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Metabolomics

, 12:159 | Cite as

Does centrifugation matter? Centrifugal force and spinning time alter the plasma metabolome

  • Dorothea Lesche
  • Roland Geyer
  • Daniel Lienhard
  • Christos T. Nakas
  • Gaëlle Diserens
  • Peter Vermathen
  • Alexander B. LeichtleEmail author
Open Access
Short Communication

Abstract

Background

Centrifugation is an indispensable procedure for plasma sample preparation, but applied conditions can vary between labs.

Aim

Determine whether routinely used plasma centrifugation protocols (1500×g 10 min; 3000×g 5 min) influence non-targeted metabolomic analyses.

Methods

Nuclear magnetic resonance spectroscopy (NMR) and High Resolution Mass Spectrometry (HRMS) data were evaluated with sparse partial least squares discriminant analyses and compared with cell count measurements.

Results

Besides significant differences in platelet count, we identified substantial alterations in NMR and HRMS data related to the different centrifugation protocols.

Conclusion

Already minor differences in plasma centrifugation can significantly influence metabolomic patterns and potentially bias metabolomics studies.

Keywords

Centrifugation Plasma Metabolome Relative centrifugal force Spinning time Preanalytics 

1 Introduction

With current technologies, thousands of small molecules can be obtained from a single biological sample at the same time (Psychogios et al. 2011; Wishart et al. 2013). Since obtaining blood samples is minimally invasive and sampling devices are widely available in medical offices and at hospitals, blood plasma and serum are the most commonly used sample matrices in human metabolomic studies (Vuckovic 2012; Guder and Narayanan 2015). Among other important pre-analytical variables, a potential source of variation is the preparation of plasma from whole blood by centrifugation. Protocols are usually highly standardized within labs, whereas the relative centrifugation force (RCF) and spinning time can substantially vary between labs and projects (Suchsland et al. 2014). The World Health Organization recommends a protocol applying 2000–3000×g for at least 15 min to prepare cell-free plasma (World Health Organization 2002) and it is claimed that centrifugation force and spinning time could be reciprocally adjusted (Thomas 2012). Regarding subsequent non-targeted metabolomic studies, varying centrifugation conditions may generate considerable bias. As previously reported, differences in pre-analytical conditions such as sample collection and storage introduce substantial bias (Leichtle et al. 2013). Different centrifugation protocols influence the amount of platelets remaining in the plasma, potentially altering the biochemical signature of the samples (Daves et al. 2014). Hence, we evaluated the difference of the metabolic profile of human plasma samples introduced by two different standard centrifugation protocols routinely used in our coagulation and clinical chemistry core lab. To address this question, we applied a comprehensive approach using non-targeted nuclear magnetic resonance (NMR) spectroscopy and ultra-high performance liquid chromatography with quadrupole-time-of-flight mass spectrometry (UPLC-QTOF) techniques. Comparison of the cell count before and after centrifugation provided insight on the influence of remaining cells to the sample composition.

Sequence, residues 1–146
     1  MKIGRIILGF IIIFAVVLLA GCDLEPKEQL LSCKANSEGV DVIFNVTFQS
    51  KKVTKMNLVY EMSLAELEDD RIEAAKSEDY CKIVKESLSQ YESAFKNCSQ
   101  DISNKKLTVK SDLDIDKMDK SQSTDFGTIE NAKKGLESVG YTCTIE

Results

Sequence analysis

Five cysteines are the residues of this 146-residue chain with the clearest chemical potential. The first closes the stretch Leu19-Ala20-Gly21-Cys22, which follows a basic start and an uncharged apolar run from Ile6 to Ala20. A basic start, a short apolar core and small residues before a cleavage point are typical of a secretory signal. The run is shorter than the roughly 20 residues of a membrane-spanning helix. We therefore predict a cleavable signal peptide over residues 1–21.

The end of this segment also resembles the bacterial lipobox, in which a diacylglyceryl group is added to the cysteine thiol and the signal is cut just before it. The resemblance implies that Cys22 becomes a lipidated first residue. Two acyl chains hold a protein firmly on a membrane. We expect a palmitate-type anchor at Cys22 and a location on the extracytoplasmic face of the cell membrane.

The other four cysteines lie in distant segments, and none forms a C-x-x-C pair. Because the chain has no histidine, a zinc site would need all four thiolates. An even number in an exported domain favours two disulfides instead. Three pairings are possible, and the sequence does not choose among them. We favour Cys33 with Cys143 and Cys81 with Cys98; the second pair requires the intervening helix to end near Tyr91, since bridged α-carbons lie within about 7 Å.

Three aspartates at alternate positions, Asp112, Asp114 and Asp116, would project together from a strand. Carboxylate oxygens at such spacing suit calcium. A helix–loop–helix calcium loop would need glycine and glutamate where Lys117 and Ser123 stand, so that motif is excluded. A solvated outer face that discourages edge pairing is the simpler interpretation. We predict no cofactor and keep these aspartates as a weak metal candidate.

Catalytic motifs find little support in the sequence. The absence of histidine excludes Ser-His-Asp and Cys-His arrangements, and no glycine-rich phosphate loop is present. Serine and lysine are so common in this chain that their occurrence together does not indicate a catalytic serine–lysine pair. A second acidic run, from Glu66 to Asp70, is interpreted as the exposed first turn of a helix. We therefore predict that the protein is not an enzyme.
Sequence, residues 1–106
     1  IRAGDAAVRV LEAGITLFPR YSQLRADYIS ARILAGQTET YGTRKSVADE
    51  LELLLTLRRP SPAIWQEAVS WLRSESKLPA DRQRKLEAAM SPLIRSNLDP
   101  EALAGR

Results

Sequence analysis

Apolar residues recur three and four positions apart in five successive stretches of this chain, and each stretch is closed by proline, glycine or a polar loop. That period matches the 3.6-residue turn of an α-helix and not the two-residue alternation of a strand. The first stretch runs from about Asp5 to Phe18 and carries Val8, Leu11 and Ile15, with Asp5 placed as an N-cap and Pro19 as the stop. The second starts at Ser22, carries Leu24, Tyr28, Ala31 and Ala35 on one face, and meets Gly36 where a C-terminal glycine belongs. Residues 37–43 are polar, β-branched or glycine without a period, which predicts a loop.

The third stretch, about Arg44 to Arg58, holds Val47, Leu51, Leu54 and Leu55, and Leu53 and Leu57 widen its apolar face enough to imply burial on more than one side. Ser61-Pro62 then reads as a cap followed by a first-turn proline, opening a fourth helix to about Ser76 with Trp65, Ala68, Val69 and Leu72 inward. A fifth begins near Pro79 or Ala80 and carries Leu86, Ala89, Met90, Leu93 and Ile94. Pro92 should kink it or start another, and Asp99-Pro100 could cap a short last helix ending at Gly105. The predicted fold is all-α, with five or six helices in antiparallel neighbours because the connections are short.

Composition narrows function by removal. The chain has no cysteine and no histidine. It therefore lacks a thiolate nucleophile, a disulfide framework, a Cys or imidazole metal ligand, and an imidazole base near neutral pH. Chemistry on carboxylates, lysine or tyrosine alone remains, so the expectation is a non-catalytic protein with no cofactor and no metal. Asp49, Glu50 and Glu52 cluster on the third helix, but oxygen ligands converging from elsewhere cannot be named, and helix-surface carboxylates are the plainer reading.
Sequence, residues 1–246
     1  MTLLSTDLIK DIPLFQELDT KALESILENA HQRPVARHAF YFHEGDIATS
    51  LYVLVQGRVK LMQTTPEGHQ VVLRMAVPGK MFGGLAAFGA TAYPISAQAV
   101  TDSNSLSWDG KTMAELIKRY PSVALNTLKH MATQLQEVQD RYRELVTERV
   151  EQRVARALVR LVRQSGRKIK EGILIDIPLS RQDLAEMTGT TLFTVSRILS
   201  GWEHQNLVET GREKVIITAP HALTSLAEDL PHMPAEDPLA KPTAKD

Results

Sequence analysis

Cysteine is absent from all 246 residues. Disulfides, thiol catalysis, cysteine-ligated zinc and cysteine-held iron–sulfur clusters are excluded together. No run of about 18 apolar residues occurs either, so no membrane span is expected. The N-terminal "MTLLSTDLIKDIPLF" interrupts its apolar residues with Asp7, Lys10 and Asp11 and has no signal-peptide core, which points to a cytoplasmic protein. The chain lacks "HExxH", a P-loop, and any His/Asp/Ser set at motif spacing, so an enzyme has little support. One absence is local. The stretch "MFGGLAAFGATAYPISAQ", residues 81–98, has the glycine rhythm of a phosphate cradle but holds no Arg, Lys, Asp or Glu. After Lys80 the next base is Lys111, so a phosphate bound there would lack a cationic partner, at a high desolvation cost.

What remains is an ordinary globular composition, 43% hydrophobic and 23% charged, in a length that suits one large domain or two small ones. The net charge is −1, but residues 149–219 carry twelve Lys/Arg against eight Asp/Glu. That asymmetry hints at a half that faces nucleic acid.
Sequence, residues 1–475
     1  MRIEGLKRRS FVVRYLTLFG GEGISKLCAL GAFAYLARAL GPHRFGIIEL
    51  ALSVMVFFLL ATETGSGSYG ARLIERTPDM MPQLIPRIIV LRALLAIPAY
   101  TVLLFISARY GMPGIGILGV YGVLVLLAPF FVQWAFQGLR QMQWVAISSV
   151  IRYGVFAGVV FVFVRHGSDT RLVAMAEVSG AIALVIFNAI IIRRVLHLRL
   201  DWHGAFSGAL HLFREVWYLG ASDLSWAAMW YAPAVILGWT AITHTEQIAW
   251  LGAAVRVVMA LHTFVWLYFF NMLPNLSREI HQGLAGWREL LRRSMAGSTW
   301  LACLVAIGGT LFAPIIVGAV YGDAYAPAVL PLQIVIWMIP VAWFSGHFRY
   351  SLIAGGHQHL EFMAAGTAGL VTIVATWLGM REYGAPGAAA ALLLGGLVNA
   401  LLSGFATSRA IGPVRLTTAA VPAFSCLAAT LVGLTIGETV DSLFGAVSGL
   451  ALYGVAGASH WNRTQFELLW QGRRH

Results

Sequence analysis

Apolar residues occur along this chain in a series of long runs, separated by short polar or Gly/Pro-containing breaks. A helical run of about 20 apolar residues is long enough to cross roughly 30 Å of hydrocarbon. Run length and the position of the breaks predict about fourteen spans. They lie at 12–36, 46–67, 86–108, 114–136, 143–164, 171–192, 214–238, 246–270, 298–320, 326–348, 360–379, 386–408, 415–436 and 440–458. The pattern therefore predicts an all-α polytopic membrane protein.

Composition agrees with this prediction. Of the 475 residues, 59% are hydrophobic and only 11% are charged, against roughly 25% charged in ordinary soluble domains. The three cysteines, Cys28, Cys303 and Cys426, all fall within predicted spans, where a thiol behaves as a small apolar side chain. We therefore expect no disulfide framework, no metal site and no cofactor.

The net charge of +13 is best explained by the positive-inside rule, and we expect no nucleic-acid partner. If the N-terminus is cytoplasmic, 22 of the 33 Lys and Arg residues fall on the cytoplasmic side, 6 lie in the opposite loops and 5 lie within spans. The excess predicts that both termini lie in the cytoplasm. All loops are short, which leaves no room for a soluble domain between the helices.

2 Materials and methods

2.1 Sample collection and centrifugation

Two EDTA blood samples (S-Monovette® 2.7 ml, K3 EDTA; Sarstedt, Nümbrecht, Germany) were collected from each of ten apparently healthy volunteers using Safety-Multifly®-needles (Sarstedt, Nümbrecht Germany). Immediately after blood sampling, automated blood cell count was performed on a Sysmex XN9000 instrument (Sysmex Suisse, Horgen, Switzerland). Both blood collection tubes of each patient were centrifuged using two different protocols, either at 1500×g for 10 min or at 3000×g for 5 min at 20 °C, respectively. Automated blood cell count was repeated after centrifugation in the plasma supernatant. Two plasma aliquots of each centrifugation condition were instantly frozen at −80 °C in FluidX external screw cap 525 µl cryovials (FluidX, Wehrheim, Germany) until sample preparation and analysis.